...or even something else? My great-grandmother, Mary Kijak's maiden name, that is!
When I first began my genealogy research, the spelling most frequently associated with Mary's maiden name was "Rubis". Earliest records, though, such as her marriage license showed the spelling as "Rubisz". Census records from 1900, 1910 showed varying spellings as did the spellings for her two brother's names. I was leaning toward going with the earliest spellings, thinking they would be more apt to be correct, and that would be "Rubisz".
Jasia has given me some more clues, though, today. She graciously offered to look up the "Rubisz" surname in her Polish surnames book by Fred Hoffman and sent me what she had discovered:
Rub is from the Ukrainian and Russian root, rub meaning to chop, fell, hack. Derivations of the surname include Rubaszewski (398), Rubczak (55), Rubczynski (74), Rubel (92), Rubik (496), Rubis (262) and Rubisz (97) with the numbers in parentheses indicating the number of people with that surname living in Poland in 1992. The numbers were gleaned from a different book by an author named Rymut. From this it is obvious that Rubis was more common than Rubisz yet still pronounced the same.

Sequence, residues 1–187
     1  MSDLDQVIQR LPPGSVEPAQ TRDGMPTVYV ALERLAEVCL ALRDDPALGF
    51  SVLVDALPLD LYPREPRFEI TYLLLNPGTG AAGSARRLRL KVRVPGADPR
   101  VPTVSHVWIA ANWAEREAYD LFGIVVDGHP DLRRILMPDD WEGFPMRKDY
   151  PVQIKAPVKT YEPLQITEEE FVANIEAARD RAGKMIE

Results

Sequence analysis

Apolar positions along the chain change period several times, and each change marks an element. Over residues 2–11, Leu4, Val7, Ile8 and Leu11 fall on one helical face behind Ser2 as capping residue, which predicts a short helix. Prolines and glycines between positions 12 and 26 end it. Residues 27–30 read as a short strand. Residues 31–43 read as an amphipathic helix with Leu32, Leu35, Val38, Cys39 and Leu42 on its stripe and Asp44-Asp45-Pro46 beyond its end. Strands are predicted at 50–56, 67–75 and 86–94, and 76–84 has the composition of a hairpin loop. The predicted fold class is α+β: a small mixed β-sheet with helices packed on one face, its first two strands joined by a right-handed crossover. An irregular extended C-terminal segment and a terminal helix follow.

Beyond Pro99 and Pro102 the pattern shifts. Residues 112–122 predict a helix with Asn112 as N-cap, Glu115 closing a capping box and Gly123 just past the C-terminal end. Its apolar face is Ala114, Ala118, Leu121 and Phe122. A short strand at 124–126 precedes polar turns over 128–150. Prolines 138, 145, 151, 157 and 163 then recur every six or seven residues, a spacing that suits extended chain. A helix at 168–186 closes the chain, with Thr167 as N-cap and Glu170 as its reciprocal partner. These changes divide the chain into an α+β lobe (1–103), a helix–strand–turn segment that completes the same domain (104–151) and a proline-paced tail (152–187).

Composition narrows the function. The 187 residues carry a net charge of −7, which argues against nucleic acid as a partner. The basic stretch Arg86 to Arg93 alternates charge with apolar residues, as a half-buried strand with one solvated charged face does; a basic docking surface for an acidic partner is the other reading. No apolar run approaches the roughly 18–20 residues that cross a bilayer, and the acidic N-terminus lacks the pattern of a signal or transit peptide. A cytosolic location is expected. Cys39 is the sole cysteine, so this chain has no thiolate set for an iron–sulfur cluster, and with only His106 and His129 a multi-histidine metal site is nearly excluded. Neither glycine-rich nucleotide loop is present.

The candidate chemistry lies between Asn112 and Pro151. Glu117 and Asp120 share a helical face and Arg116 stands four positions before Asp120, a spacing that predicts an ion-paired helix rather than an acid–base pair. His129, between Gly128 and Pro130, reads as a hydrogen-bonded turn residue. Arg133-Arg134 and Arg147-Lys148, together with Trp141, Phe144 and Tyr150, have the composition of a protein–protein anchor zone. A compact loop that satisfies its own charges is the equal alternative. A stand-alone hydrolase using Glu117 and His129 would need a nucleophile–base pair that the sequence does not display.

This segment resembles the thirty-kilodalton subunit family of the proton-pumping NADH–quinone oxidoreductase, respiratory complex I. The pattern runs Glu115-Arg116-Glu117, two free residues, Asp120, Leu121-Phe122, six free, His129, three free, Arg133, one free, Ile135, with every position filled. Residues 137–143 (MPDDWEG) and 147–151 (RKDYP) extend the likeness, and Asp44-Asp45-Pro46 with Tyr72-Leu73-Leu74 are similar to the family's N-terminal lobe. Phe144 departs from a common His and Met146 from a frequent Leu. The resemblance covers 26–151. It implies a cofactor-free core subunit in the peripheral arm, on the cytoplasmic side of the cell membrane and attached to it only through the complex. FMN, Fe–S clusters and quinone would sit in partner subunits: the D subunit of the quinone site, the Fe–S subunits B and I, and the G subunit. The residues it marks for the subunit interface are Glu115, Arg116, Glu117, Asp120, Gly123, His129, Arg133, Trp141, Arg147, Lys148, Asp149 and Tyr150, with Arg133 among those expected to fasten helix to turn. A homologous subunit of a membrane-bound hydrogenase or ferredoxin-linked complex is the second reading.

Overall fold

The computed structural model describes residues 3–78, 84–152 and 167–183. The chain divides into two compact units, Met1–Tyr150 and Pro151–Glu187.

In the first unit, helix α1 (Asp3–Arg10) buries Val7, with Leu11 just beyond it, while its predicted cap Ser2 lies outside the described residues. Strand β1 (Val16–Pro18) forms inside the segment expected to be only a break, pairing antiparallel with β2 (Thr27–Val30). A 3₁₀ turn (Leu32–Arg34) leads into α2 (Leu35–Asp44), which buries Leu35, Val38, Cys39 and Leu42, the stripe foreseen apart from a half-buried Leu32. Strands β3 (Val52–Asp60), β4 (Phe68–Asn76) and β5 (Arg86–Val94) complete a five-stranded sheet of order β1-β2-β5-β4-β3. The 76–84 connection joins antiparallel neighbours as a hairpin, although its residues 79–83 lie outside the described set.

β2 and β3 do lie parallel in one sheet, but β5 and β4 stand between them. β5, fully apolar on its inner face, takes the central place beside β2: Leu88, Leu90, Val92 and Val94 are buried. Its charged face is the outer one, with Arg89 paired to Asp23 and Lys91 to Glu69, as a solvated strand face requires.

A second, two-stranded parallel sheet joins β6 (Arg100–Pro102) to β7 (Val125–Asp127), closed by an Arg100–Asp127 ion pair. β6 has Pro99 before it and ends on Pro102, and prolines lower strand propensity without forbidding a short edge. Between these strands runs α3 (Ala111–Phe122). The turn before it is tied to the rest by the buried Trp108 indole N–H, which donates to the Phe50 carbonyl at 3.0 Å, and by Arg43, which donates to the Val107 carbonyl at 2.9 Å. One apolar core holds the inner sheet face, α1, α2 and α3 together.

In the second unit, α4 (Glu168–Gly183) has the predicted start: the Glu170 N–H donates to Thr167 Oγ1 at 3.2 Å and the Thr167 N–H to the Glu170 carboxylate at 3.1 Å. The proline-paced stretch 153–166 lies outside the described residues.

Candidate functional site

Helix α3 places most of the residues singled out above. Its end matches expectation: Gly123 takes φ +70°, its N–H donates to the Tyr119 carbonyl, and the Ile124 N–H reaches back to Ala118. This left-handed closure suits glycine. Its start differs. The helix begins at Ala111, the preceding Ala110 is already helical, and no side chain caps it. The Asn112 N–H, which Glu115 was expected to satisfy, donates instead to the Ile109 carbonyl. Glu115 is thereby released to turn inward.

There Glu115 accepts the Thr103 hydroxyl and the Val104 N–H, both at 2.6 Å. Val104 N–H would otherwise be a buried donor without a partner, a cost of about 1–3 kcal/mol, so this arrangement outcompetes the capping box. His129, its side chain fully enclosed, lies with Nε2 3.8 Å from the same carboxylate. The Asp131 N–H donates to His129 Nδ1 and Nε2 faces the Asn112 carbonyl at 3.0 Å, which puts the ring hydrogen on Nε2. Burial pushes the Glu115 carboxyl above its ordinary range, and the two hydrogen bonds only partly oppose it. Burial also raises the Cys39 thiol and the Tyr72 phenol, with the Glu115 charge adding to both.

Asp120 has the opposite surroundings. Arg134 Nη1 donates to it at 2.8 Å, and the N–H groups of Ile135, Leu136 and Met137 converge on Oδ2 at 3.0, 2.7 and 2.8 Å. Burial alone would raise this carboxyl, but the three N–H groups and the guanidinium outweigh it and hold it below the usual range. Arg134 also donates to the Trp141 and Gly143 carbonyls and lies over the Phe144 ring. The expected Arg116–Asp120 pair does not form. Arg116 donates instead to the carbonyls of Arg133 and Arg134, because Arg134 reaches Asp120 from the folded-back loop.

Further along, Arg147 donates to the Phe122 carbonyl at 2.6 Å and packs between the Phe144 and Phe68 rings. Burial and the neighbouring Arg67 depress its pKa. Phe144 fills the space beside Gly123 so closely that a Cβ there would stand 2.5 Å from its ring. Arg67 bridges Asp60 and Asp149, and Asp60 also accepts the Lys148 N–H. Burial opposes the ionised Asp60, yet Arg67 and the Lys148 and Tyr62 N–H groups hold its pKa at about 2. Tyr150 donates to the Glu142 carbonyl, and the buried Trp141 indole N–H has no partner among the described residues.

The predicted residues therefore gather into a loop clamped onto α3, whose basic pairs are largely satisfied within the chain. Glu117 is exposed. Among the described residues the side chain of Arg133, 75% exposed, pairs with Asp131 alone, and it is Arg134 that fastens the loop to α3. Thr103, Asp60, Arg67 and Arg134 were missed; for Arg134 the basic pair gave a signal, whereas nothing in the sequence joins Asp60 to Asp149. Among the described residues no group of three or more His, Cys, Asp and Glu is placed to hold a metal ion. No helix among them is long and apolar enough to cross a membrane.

The surname distribution for Rubisz shows nobody in the Gniezno/Poznan area which is the area of my research. However, a similar surname distribution for Rubis does show that name appearing quite a few times in the Gniezno/Poznan area.
I will definitely have to keep this in mind when viewing the films from Dziekanowice.
Speaking of which - viewing these records will be a challenge due to the fact that I learned today that my local Family History library has reduced their hours which were pretty reduced to begin with. Now they are only open Tuesday and Wednesday evenings from 6:30 to 8:00 p.m. They require an appointment and on several occasions in the past when I arrived at the appointed time, the doors were locked (no volunteers that day). On other occasions, there would be more people wanting microfilm readers than available readers and even with an appointment it seemed to be either first come, first serve or members of their own church had priority. This will definitely be a challenge.
Thanks, again, to Jasia for motivating me with this research.